Let’s read Proverbs 27:9-10, “Ointment and perfume rejoice the heart: so doth the sweetness of a man’s friend by hearty counsel. Thine own friend, and thy father’s friend, forsake not; neither go into thy brother’s house in the day of thy calamity: for better is a neighbour that is near than a brother far off.”  Verse 9 tells us of two different things that bring joy to the heart.  First, let’s consider the application of ointment and perfume.  It was an eastern custom at the time of the writing of this proverb that when a man’s guests were about to leave his home, he would sprinkle the head of the guest with refreshing, perfumed ointments.  This was very delightful to the guest.  It pleased the senses, and delighted his heart.  Just as joyous is the ‘sweetness of a man’s friend by hearty council.’

For a little clearer perspective on verse 9, let’s read it again; this time from the Amplified Bible.  “Oil and perfume make the heart glad; So does the sweetness of a friend’s counsel that comes from the heart.”  The meaning here is that as ointment and perfume delight the heart, so do the sweet and loving words of a friend who speaks from the depths of his soul. The idea is primarily of a friend who gives wise counsel, speaking the truth in love, as we are instructed to do in Ephesians 4:15, “But speaking truth in love, we may grow up in all things into him, who is the head, even Christ.”  We read earlier in the chapter, in verse 6, “Faithful are the wounds of a friend…”  Faithful and true council or advice from a friend may not always cause us to jump for joy, but when we realize that it comes from the heart and is spoken in love, it certainly endears us to the one who counsels us.

Next, in verse 10, we are taught to value our faithful, true, and proven friends, especially generational and family friends.  The world has an old saying that says, “Familiarity breeds contempt.”  This means that the more you know someone, the more you start to find faults and dislike things about them.  My dear friends, may we not be like that.  The more we know someone, the more faults we will see.  However, if we view our friends through the love of Christ, the more we know about them, the more we will love and value them, in spite of their faults.  As we see more faults in our friends, they surely see more faults in us.  Philippians 4:8 tells us, “Finally, brethren, whatsoever things are true, whatsoever things are honorable, whatsoever things are just, whatsoever things are pure, whatsoever things are lovely, whatsoever things are of good report; if there be any virtue, and if there be any praise, think on these things.”  We need to learn to appreciate the positive things about our friends and not dwell on the negatives.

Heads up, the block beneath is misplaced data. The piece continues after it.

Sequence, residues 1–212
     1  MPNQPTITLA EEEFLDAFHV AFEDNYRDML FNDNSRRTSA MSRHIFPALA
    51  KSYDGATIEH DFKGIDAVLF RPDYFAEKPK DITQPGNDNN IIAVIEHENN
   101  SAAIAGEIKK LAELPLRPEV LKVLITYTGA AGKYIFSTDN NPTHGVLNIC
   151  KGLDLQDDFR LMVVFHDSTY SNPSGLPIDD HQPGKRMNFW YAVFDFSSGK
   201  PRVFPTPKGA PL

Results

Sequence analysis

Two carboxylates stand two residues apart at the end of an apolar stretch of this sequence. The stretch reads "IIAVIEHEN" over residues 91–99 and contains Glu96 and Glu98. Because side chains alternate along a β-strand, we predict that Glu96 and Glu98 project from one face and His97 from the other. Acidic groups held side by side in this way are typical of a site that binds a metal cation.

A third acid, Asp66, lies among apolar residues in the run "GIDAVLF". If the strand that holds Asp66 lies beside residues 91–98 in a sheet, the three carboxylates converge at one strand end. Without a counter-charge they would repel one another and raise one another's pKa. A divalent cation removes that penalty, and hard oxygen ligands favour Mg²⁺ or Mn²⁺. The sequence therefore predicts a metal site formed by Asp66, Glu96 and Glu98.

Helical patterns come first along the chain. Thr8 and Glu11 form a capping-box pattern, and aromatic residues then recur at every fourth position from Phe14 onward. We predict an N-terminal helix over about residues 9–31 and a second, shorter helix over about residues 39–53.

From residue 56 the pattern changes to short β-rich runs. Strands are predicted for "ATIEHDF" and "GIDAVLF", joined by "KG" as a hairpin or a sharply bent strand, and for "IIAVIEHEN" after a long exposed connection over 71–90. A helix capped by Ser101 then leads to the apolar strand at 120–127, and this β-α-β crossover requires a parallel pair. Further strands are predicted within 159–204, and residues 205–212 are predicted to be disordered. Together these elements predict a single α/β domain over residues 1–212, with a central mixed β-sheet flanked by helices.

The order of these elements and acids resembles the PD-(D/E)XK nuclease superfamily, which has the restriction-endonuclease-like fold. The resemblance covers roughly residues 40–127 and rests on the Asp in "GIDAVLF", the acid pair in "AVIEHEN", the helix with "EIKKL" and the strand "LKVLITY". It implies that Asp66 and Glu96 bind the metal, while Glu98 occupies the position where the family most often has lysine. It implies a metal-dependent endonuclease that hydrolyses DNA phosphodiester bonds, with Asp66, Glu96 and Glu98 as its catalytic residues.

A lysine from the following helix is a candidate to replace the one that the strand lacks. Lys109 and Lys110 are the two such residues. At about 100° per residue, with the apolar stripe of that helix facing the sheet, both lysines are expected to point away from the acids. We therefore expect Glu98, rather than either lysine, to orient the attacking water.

In times of adversity and trouble, we often find that our good friends are closer and more faithful to us than even our own family.  Often, instead of going to a brother, sister, cousin, etc. in times of trouble, we might find that true help comes from someone who is not even related to us.  We see that a neighbor, or friend, that is near to us in heart is better than a brother whose heart is far from us.  To have just a few faithful, caring friends is far better than having many friends who have no care or loyalty to us.  Proverbs 18:24 says, “A man of many friends will come to ruin but there is a friend that sticketh closer than a brother.”  As valuable as friendships are, there is one friend who will truly stick closer than any brother could.  Of course, that friend is the Lord Jesus Christ.  As we consider the wise council of the scriptures concerning friendships, may we be sure that we do not forsake that friend who never leave or forsake us; that friend who is touched by the feelings of our infirmities; that friend who loved us and gave Himself for us.  Do you know Him?  Is He your friend?  Is He your savior?  (204.6)